This project is visually replicating the campus of Taranatha’s fortress citadel, Takten Phuntsok Ling Monastery in central Tibet. Utilizing digital architecture tools, images and sketches that we have collected, along with Taranatha’s written records and descriptions, we are creating an online three-dimensional interactive map of this monastic complex.
Founded in the year 1615, Takten Damcho Phuntsok Ling Monastery acted as headquarters for the Jonangpa until its acquisition by the Ganden Potrang government in 1650. It is one of Tibet’s great monuments and cultural treasure troves.
This is part of a larger project to document and map the historic and contemporary sites of the Jonangpa in Tibet. For more, see the Jonang Foundation sites database.
Tibet Printery Project
Analyzing the production of printed texts up to the establishment of the great eighteenth century publishing houses, this project surveys the woodblock (par zhing) prints and their related printeries (par khang) in Tibet. Based on interpretive data models, this research project deciphers the distinguished provenance of each woodblock by its publication information, correlating each xylographic work at a printery. With correlates of the woodblocks to their place of production, each printery is identified descriptively or by a GIS code located on a map of the Tibetan plateau.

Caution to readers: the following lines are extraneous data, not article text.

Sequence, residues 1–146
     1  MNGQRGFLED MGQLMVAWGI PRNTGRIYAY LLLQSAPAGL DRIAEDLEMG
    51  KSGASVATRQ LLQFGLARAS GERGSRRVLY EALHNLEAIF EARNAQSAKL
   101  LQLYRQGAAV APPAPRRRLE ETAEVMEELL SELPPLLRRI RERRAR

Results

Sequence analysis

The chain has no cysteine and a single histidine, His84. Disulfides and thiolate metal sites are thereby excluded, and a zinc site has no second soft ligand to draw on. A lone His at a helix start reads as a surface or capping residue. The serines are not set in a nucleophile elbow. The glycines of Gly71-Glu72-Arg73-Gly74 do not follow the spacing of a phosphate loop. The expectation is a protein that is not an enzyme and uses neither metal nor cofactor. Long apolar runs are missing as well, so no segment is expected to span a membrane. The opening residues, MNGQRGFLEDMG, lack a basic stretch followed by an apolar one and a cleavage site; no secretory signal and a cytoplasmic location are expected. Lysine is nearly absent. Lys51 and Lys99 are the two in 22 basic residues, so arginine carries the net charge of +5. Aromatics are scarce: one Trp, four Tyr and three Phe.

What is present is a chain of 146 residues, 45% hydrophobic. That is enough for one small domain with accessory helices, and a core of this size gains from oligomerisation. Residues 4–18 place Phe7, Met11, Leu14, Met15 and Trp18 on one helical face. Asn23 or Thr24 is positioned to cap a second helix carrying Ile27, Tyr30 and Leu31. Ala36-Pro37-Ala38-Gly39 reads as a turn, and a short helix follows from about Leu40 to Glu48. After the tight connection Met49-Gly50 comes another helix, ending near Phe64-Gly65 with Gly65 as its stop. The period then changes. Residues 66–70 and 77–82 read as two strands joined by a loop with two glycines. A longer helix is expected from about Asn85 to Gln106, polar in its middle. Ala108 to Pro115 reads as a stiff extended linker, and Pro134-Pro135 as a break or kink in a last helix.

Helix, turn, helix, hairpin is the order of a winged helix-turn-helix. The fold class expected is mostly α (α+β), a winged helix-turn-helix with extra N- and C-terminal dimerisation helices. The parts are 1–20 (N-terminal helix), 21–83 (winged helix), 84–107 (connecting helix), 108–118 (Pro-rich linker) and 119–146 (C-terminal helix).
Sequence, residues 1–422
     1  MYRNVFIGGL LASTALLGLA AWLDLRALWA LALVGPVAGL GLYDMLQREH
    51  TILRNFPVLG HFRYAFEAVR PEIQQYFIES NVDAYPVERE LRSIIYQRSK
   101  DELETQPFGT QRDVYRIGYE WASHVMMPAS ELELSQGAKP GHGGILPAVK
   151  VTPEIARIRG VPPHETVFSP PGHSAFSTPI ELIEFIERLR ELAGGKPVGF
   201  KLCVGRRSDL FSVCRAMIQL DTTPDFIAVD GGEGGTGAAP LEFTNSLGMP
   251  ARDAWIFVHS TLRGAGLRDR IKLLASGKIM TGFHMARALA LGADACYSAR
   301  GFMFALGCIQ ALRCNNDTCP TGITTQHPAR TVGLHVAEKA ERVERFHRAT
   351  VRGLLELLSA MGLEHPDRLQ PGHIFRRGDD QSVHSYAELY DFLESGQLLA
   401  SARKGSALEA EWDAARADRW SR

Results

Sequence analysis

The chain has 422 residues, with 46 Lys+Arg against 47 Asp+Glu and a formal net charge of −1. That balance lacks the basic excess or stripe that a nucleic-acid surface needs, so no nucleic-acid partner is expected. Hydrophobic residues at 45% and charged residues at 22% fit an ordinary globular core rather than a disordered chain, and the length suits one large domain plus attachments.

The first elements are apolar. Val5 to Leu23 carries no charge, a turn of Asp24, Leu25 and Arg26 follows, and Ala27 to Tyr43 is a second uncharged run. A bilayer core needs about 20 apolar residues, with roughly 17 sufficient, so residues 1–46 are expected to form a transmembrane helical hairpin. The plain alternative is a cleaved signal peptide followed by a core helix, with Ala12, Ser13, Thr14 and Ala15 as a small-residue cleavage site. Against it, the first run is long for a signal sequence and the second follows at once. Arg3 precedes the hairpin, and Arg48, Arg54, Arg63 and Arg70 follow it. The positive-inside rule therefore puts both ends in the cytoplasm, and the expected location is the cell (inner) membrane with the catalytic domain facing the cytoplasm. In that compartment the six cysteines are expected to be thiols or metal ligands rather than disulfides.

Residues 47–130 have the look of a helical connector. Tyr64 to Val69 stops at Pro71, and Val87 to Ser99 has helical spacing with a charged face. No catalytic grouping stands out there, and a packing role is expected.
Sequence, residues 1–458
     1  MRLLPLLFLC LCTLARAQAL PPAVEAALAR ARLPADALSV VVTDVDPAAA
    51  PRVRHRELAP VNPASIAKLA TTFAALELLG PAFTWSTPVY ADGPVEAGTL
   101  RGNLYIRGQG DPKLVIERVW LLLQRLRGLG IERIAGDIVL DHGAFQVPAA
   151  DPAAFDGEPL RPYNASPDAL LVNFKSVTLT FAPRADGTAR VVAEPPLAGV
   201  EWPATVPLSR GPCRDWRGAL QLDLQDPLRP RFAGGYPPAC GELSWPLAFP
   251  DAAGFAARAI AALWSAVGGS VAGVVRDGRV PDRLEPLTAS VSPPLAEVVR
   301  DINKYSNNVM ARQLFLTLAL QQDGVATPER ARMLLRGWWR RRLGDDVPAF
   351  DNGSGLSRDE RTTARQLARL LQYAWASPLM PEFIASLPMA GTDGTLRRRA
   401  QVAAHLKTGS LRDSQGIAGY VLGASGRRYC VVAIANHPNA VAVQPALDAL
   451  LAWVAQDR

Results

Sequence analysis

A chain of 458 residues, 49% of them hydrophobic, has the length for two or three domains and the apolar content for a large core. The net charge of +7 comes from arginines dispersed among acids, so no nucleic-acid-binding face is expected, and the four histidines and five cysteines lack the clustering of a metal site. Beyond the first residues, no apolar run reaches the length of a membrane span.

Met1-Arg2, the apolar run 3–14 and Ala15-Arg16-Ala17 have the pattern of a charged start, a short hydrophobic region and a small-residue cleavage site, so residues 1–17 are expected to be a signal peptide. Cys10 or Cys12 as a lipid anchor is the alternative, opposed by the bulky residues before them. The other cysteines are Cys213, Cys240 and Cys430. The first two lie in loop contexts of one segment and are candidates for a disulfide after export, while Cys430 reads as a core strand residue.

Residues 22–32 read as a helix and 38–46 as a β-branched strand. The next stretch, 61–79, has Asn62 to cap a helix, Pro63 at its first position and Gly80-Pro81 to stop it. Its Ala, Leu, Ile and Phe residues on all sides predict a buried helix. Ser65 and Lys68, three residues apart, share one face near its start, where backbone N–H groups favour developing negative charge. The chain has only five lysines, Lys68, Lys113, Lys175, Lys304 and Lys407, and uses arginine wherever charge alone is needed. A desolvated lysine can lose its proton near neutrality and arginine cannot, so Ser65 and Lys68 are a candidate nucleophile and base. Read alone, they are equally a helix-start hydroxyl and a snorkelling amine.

Dates for when a printery was established and when a work was printed enable us to chart a timeline of early Tibetan print culture. Such data sets are prime for visualizing the spatial and temporal production of this literature. The import of such a digital research project is that it gives a fuller understanding of patterns and trends in the cultural history and geography of book printing in Tibet.
Re-compiling Kung Drolchok’s Writings
For the past several years, in collaboration with friends and partners around the world, we have collected and digitized the writings of the extraordinary Tibetan author Kung Drolchok (1507-1566). We are printing these Tibetan language writings in book form as part of a collected works of the author.
Kunga Drolchok is considered a previous embodiment of Taranatha and Jamgon Kongtrul, and was a major figure in the Jonangpa, Sakyapa, and Shangpa transmission lineages. His work titled, The One Hundred and Eight Essential Guidance Instructions was one of the earliest compilations of the various oral instructions in Tibet, and is said to have been an inspiration to Jamgon Kongtrul in his formulation of Rime eclecticism.
We have had the good fortune to discover numerous rare and previously unpublished writings by Kunga Drolchok. The eventual publication of these will be unprecedented, as a full compilation of the writings of this author were never printed in Tibet, and many of these writings have not been available for centuries, displaced and scattered throughout monasteries and private libraries.